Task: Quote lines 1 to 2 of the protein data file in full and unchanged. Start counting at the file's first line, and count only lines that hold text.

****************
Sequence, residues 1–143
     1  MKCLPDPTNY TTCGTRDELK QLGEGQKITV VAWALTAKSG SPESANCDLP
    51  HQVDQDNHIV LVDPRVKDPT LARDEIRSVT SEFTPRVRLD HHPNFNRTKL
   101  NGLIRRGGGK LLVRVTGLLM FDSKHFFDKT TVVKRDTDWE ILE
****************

Sequence, residues 1–143
     1  MKCLPDPTNY TTCGTRDELK QLGEGQKITV VAWALTAKSG SPESANCDLP